Complementing or Challenging Traditional Banking?
The dawn of digital payment technologies is opening doors to a whole new generation of clientele in Africa whose very first ‘bank’ account is accessed purely through mobile phones. Lauded as a revolutionary tool for expanding access to financial services in low resource environments on the continent, the onset of mobile money technology is helping transform economic sectors in many developing countries.
The story of mobile money in Africa begins in Kenya when Safaricom launched its M-PESA solution for peer-to-peer money transfer in 2007. Before that, due to a low rate of banking, sending money to family, friends or business associates could be a big issue.
In Zambia, countless mobile money account holders say financial transactions have been made much easier, thanks to advancements in FinTech.
“With just my mobile phone, I can transact at a low cost. For me, this is a real deal, unlike in the past where access to an existing bank account was hectic,” George Manda told Nkwazi.
Undoubtedly, just as the internet has changed the way people access information and shop for products online, mobile phones are transforming many industries, ranging from finance and travel to advertising and retail. Users can receive, withdraw, and send money without being connected to the formal banking system.
For Sarafina Mambwe, a mobile money agent at Lusaka’s sprawling Kamwala market, “If you check around, many youths including me are self-employed and depend on this sector for survival and in that way, mobile money services are helping in job creation.”
The Bank of Zambia recently disclosed that mobile money platforms had recorded increased usage last year, with numbers growing to 8.6 million users by December 31 compared to around 4.85 million in 2019.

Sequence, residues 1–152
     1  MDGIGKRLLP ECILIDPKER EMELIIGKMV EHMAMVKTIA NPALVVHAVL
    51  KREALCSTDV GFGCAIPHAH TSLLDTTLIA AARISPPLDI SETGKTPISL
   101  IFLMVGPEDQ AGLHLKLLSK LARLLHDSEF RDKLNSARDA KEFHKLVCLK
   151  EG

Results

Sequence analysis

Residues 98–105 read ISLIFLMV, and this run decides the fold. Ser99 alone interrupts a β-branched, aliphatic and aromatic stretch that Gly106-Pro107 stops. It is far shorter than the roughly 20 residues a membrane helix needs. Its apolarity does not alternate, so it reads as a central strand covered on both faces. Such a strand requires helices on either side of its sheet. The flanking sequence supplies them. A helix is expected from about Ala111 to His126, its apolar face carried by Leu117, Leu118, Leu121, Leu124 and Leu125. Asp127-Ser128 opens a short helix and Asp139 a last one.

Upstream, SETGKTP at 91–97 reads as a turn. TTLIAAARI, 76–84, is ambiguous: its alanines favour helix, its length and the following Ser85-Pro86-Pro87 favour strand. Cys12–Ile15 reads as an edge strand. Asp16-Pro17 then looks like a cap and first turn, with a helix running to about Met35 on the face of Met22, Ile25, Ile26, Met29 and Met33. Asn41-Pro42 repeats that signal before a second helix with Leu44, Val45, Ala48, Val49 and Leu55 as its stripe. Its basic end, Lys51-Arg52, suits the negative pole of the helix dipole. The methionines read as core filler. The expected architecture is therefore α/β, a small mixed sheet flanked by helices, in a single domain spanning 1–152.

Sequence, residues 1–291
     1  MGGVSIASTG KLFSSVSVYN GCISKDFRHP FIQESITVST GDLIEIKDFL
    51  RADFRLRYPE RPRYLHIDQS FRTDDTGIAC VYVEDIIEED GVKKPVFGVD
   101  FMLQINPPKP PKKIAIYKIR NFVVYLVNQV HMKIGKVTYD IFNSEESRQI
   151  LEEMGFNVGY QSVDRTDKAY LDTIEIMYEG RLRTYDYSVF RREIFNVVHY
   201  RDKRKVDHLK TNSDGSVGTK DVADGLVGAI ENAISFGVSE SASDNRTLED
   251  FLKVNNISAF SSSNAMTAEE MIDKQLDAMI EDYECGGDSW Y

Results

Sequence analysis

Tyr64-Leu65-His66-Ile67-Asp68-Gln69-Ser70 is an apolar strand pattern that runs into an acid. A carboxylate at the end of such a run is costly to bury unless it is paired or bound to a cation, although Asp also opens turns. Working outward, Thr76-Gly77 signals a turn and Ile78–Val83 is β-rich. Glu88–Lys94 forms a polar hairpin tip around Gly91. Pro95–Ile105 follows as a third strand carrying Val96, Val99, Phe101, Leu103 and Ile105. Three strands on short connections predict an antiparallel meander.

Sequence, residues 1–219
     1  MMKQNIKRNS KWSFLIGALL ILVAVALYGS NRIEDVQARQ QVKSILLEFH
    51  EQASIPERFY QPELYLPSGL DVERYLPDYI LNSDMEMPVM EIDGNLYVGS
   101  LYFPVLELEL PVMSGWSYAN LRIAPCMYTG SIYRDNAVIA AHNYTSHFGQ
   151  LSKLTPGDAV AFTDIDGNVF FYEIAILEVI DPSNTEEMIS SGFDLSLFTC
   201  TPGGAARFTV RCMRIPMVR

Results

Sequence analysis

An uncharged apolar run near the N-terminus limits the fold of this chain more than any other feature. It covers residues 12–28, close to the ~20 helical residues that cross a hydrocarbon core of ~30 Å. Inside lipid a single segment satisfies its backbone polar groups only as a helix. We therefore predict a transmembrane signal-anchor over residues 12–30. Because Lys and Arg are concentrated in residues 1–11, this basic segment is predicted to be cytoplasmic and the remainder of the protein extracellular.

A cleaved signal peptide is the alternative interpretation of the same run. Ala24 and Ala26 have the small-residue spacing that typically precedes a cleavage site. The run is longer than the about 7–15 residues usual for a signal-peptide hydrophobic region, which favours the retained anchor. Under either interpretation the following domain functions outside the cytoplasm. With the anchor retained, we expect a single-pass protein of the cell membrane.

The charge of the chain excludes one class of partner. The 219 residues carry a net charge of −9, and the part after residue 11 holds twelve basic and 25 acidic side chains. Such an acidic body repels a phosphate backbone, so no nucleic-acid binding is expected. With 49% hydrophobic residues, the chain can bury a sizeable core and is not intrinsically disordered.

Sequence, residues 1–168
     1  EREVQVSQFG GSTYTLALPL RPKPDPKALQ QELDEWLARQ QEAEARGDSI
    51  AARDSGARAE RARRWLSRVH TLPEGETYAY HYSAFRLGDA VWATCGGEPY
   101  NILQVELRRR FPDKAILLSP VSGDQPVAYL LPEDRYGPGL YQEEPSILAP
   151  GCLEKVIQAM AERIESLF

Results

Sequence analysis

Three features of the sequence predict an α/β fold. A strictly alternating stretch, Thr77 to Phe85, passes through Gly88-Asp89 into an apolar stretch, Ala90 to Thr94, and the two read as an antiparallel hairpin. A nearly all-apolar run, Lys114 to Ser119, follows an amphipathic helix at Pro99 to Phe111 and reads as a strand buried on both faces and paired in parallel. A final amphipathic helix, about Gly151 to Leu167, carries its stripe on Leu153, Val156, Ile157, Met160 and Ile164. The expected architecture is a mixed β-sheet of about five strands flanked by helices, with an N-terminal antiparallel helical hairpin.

The central bank further hinted that higher mobile money usage in Zambia has coincided with increased financial inclusion over the two corresponding years where financial inclusion in the country increased by 10.1 percentage points last year.
“Zambia has continued to make significant progress in the digital transformation agenda, especially in the area of digital financial services. For example, the number of active MNO (Mobile Network Operator)-based mobile money users increased by 77 percent from 4,852,040 as of December 31, 2019, to 8,607,461 as of December 31, 2020,” BoZ Deputy Governor for Operations Dr. Francis Chipimo stated.
According to a 2020 FinScope survey, financial inclusion in Zambia increased 10.1 percent to 69.4 percent from 59.3 percent in 2015. This was mainly attributed to mobile money services. Further afield, it is estimated that in Uganda, 43 percent of people have a mobile money account while in Kenya, it’s 72 percent.
With approximately 100,000 plus agent lines officially registered in Zambia, according to the Mobile Money Business Association of Zambia, the sector is contributing significantly to the national treasury in terms of taxes.
Asked whether mobile money service providers are reducing banks’ clientele base, the Bankers Association of Zambia told Nkwazi that the current is beneficial for both parties.
“We’re not in competition with mobile money platforms. It’s a win-win situation for both parties. For instance, mobile money transactions have increased our reach as some clients can do banking online even through mobile platforms that are interconnected with various banking payment platforms such as e-wallet, e-pay and payment vouchers, among others,” Bankers Association of Zambia Public Relations Officer Mirriam Zimba affirmed.
Lusaka-based economist Mambo Haamaundu resounded BAZ’s observation and reiterated the importance of mobile money because Zambia has low levels of financial inclusion and a high number of unbanked people.
“Mobile money services are tapping into the unbanked population and as a result play a complementary role with traditional banks. For instance, cash can now easily be transferred from a bank account to a mobile money account with ease,” Haamaundu stated.
In view of the global outbreak of the COVID-19 pandemic, most businesses in Zambia have been crippled. MNOs have stepped in to provide the Zambian business sector with digital transaction solutions in light of the negative impact of the coronavirus pandemic.